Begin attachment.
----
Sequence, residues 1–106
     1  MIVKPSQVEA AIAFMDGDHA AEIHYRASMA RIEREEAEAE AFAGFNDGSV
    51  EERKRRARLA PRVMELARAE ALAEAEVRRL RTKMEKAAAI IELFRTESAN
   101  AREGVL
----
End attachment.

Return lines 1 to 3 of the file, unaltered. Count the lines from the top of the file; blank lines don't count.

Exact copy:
Sequence, residues 1–106
     1  MIVKPSQVEA AIAFMDGDHA AEIHYRASMA RIEREEAEAE AFAGFNDGSV
    51  EERKRRARLA PRVMELARAE ALAEAEVRRL RTKMEKAAAI IELFRTESAN